RPG Site Awards 2011: Day Two
It's day two of the RPG Site Awards 2011, our look at the brightest and best from the RPG genre in 2011. Yesterday we revealed our first four awards, talking about music, voice cast performances and big and little screen experiences - now it's time for us to acknowledge some more 2011 RPGs for areas in which they excelled.
As always we list a winner alongside a few runners up in each category, and today sees us look at the Best Writing and Best Story in 2011 RPGs - two sides of the same coin that we judge seperately - as well as our favourite Western and Japanese RPGs of 2011.
Best Writing in a 2011 RPG - Bastion
We do something strange in our RPG Site Awards - we separate Writing and Story out into two separate categories. We think a story that's minimalist in its approach or not brilliantly written can be engrossing - whilst great writing is sometimes forgotten in awards, blasted away by massive, bombastic stories. This is our solution to that problem.
Yesterday Bastion won an award for its soundtrack - a peripheral part of the game. The peripheral of Bastion is incredibly well crafted, highlighting how the small team behind the game viewed every aspect of the experience as important as the gameplay - and that approach worked brilliantly.
Even if you've never played Bastion, you'll likely be aware of the omniscient narrator who accompanies you through the game. His silky voice comments on much of what 'the kid' does, from actions during major story-based events to combat choices - and every single line is brilliantly written.
Bastion manages to pull at the heart strings with what is an exciting but fairly standard narrative - but what makes it really special is the narrator, who from word one is a tangible character and real companion for the player. That's down in part to delivery but mostly to writing, each of his lines expertly adding texture to not only his own unseen character but also the world he inhabits.
Runners up: The Elder Scrolls V: Skyrim (Books, Lore), The Witcher 2
Best Story in a 2011 RPG - Dark Souls
It's as if this game was born for this award, lacking in much actual writing but still somehow packing a really impressive, morbid and unconventional story that encourages player interpretation and open thought about just what things mean.
Deliberately minimalistic and understated in style, Dark Souls' opening sets up a morbid world where humans are essentially already finished - your goal really to fight back and survive as best you can, but victory seems almost impossible. This isn't the traditional Japanese RPG where a young boy leaves home to save the world - it's a waif of a plot that serves to help make you as jumpy, jittery and nervous as your character's frailty does, teasing that all those hours of suffering might, in the end, be worth it.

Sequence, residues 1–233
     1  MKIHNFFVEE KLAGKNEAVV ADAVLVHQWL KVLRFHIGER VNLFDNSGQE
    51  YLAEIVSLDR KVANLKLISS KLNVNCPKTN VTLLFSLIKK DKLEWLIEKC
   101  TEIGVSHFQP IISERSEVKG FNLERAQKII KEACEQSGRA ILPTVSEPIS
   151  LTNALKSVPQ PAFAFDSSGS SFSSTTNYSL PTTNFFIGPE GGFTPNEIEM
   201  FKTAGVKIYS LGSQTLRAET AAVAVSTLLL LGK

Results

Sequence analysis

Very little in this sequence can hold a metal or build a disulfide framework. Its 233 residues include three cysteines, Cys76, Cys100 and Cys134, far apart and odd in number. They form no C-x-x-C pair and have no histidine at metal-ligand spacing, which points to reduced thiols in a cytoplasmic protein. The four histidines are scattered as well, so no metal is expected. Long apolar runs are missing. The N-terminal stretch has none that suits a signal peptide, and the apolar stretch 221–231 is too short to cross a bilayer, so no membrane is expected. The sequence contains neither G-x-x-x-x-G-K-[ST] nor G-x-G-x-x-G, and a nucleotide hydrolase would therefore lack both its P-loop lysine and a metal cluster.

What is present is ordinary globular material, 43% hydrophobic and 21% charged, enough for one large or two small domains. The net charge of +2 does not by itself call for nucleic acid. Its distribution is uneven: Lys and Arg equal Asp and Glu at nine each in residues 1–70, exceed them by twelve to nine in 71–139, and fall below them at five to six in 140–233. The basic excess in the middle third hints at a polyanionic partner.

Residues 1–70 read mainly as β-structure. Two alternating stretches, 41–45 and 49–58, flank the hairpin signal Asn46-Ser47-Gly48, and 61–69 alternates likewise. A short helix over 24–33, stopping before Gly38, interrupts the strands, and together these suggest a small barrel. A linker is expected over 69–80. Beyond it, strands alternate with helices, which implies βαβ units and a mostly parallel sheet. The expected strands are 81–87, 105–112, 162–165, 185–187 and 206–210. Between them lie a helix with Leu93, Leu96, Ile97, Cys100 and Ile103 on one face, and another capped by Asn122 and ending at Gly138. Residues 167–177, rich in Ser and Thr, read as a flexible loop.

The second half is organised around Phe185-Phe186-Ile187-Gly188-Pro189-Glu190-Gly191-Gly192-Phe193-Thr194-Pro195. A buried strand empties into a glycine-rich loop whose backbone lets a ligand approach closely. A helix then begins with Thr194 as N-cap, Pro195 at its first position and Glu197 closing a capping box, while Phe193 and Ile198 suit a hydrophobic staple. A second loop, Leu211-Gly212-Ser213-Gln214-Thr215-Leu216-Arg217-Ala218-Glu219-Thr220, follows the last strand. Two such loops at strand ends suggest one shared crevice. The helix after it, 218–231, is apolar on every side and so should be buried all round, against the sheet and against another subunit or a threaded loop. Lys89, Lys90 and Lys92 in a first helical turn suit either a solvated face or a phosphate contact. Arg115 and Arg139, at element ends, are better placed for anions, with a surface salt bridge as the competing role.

NPCs driven insane by the cruel world around them are common, while items, enemies and the world itself all tell a story through context that the player will have to gradually piece together alone. There's little exposition here, and its genius - as it highlights that core principle of Dark Souls - you are almost entirely alone.
Runners up: Deus Ex: Human Revolution, Tactics Ogre: Let us Cling Together
Western RPG of the Year 2011 - The Elder Scrolls V: Skyrim
Day two of our awards and a second win for Bethesda's open-world dragon-slaying epic Skyrim. Like yesterday's award for the best big-screen RPG of the year much of the debate for this award came down to Bethesda's Skyrim versus CD Projekt's The Witcher 2, and Skyrim again prevails - for a number of reasons.
Despite now being 18 years old, the core concepts that drive The Elder Scrolls series and that prop up Skyrim's many Game of the Year nominations are the same ones that debuted in The Elder Scrolls: Arena for DOS in 1994, dropping players into the world of Tamriel and offering up everything from forests to towns to dungeons, giving the player freedom and choice of what to do within that world.
The core principles of The Elder Scrolls series are the purest of Western RPG lineage, the blood transfused from Dungeons and Dragons and table top RPGs more present here than almost anywhere. The world of Skyrim is your GM here, AI NPCs your fellow players - and it allows you to live an engaging second life without consequence. Skyrim is as worthy as the rest of the series of recognition, dragging concepts forwards into the modern age, fusing old and new together brilliantly.
Runners up: The Witcher 2, Deus Ex: Human Revolution, Bastion
Japanese RPG of the Year 2011 - Xenoblade
While readers in North America are still waiting for the official and limited release in 2012, they can take solace in the fact that Xenoblade - Xenoblade Chronicles as it is officially known in Europe - is without a doubt not only the best Wii RPG of 2011 but also one of the best games on the system period.
Xenoblade's world is beautifully realized, using the concept of it being set on the back of a living creature to create interesting and beautiful geography. It pushes the lacking technical capabilities of the Wii to their absolute limits, and creates a world so well executed that the wish this was in high definition isn't as strong as with other Wii titles.
On top of a brilliant world, Xenoblade packs in a fun and engaging battle system and a story that is well-told with a British-produced localization that's pretty unique in the realm of translated Japanese titles. The manner in which the game takes JRPG tradition and twists it in brave and intriguing ways makes Xenoblade good, but it’s the level of polish on every aspect of the game is what makes it great.
Runners up: Dark Souls, Radiant Historia, Tactics Ogre: Let us Cling Together